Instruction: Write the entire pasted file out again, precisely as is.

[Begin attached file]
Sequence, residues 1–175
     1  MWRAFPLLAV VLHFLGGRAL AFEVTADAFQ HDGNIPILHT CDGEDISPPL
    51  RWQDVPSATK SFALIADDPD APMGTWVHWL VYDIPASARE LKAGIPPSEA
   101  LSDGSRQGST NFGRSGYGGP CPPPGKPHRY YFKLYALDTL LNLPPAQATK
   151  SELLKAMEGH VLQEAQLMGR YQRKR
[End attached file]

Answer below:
Sequence, residues 1–175
     1  MWRAFPLLAV VLHFLGGRAL AFEVTADAFQ HDGNIPILHT CDGEDISPPL
    51  RWQDVPSATK SFALIADDPD APMGTWVHWL VYDIPASARE LKAGIPPSEA
   101  LSDGSRQGST NFGRSGYGGP CPPPGKPHRY YFKLYALDTL LNLPPAQATK
   151  SELLKAMEGH VLQEAQLMGR YQRKR